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Six months ago, Bill Gates' lieutenants presented an either/or option: Hire Wieden & Kennedy for a massive branding campaign or scuttle the whole idea.

Though Leo Burnett Co. was technically a finalist, the three executives charged with picking an agency opted to bring in only the standout creative team from Portland, Ore., for an audience with their leader.

"We didn't have a fallback," says Liz King, Microsoft Corp.'s director of corpo-rate marketing. "We knew [we] wanted to do this. It was really a question of whether this creative was going to put him over the top."

After Wieden's 90-minute presentation, Microsoft's chairman-CEO met for about 10 minutes with his executives, and then Mr. Gates gave the go-ahead. The company was on its way to starting a $100 million global ad campaign.

The decision to turn up the advertising is entirely consistent with Mr. Gates' knack for knowing when, what and how to sell in an emerging market.

The 39-year-old is known as the richest American-net worth: $9 billion-and leader of the world's largest PC software company-fiscal '94 sales: $4.7 billion-but it's for his acumen as chief executive and marketer that Advertising Age has selected him as its 1994 Marketer of the Year.

Mr. Gates has built Microsoft through a multitiered marketing strategy, in which he sells PC marketers his Windows operating system software and gets software developers to write applications based on Windows, ensuring that buyers end up with Microsoft when they buy a PC or software. To close the loop, Microsoft markets the best-selling line of Windows applications, like Microsoft Office.

"We're a company that's always been willing to take a long-term approach, whether it's technology or how we work with employees and customers," Mr. Gates told Advertising Age in an interview. His popular Windows software, unveiled in 1983, didn't take off till 1990, long after many rivals had written it off.

The Microsoft ad campaign that began in November will be the largest in the history of software, the start of a commitment to consumer advertising from a company previously reluctant to spend money on TV advertising.

This time, no one discounts Mr. Gates' resolve to turn Microsoft into a household name by making "a major investment" in consumer advertising "over a period of years."

Mr. Gates is constantly selling, spending a third of his time out talking to customers and prospective customers.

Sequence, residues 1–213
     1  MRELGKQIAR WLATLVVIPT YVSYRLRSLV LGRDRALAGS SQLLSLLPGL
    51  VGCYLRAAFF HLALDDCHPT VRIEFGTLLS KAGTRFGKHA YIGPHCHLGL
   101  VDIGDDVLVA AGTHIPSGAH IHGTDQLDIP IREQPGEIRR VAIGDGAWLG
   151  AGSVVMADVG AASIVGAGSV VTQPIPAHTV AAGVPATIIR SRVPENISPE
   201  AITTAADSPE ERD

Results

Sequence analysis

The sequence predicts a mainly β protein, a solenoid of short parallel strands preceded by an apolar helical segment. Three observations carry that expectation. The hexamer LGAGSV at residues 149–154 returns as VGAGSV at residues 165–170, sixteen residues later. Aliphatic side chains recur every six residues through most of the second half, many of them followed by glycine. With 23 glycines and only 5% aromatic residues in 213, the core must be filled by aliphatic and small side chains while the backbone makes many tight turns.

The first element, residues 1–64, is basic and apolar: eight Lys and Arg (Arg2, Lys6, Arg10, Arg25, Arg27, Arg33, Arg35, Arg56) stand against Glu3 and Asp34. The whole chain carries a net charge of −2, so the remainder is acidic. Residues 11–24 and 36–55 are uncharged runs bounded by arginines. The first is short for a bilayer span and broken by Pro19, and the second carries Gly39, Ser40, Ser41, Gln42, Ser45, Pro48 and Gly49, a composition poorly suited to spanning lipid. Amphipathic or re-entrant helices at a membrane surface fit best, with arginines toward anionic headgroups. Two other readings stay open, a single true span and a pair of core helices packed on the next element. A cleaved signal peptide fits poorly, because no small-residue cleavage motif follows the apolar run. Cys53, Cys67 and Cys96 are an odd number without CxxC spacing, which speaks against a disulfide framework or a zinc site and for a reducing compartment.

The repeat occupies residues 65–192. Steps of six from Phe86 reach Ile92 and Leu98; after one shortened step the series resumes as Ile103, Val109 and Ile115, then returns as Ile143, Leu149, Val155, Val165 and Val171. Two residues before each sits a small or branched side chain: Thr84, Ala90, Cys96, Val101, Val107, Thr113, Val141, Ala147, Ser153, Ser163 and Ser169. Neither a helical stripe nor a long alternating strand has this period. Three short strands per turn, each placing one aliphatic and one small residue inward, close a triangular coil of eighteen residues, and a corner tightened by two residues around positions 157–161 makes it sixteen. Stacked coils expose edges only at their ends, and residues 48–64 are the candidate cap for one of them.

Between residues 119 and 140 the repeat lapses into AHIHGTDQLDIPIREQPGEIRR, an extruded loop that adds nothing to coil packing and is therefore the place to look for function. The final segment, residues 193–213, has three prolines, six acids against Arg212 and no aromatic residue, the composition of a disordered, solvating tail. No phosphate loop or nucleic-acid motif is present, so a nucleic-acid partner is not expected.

Next month, he'll deliver the keynote at the giant Consumer Electronics Show-precisely the place homeward-bound Microsoft wants to be-and start writing a twice-a-month syndicated newspaper column.

Later next year, he'll publish what's likely to be a best seller, "The Road Ahead," about the information superhighway on which Microsoft is making numerous bets. Mr. Gates is working with Tom Brokaw on an NBC documentary to accompany the book.

"What marketing is about is communicating, and Bill is a great communicator," says Gordon Eubanks, president-CEO of software marketer Symantec Corp.

Listen to one of Mr. Gates' speeches, and it's hard to avoid being swept up by his vision. He is a charismatic, enthusiastic presenter, making his major speeches with no script. His disheveled appearance and endearing exclamations-"Neat!" "Super!"-are the real thing.

With his oversized, often smudged glasses, Mr. Gates seems to have almost perfect vision, if vision means seeing his ideas take hold as the industry standard.

"Having a vision is one thing," Mr. Gates told Ad Age. "Understanding technology's another. But you don't know what to build unless you have a sense of other areas. The ideal is where you have one person who loves to go to computer stores, see how things are going on, talk to customers and [then] sit down with the engineers and say, `Can we do this? Shouldn't we be figuring out how to do that?' That's where the leverage is."

Explains Jesse Berst, editorial director of Windows Watcher: "He has the ability to go out five years, see where things are going and take steps to participate."

In describing Microsoft Network, an ambitious online service due next year, Mr. Gates talks about how families spread around the globe will communicate easily through electronic mail. Such rivals as America Online today trumpet feats like surpassing 1 million subscribers; Mr. Gates would rather talk about building a service for the masses.

Mr. Gates is an expert at making market successes of good ideas, whether they're home grown, acquired or borrowed.

"It's not that you don't innovate," Mr. Berst says. "It's that you don't reject an idea because you weren't first to think of it."

Critics, though, are quick to suggest Mr. Gates has had few original ideas, noting that he bought what would be the basis for his first hit, MS-DOS, and that Windows is still catching up to the innovations of Apple Computer's Mac-intosh.

One computer retailing pioneer, Inacom Corp. Chairman Rick Inatome, says Mr. Gates isn't a techno-visionary in the sense of Apple co-founder Steven Jobs, but he readily agrees Mr. Jobs is not a successful marketer in the same sense as Mr. Gates.

PC marketers grumble about his hardball business tactics, including price increases in the new Windows 95 operating system. But they accept the terms or risk missing a market turn when Microsoft introduces the product next year. Applications rivals Lotus Development Corp. and Novell are fast working on versions of their products for Windows 95, helping ensure it becomes the new standard even as they acknowledge that Microsoft will beat them to market with new spreadsheets and word processors.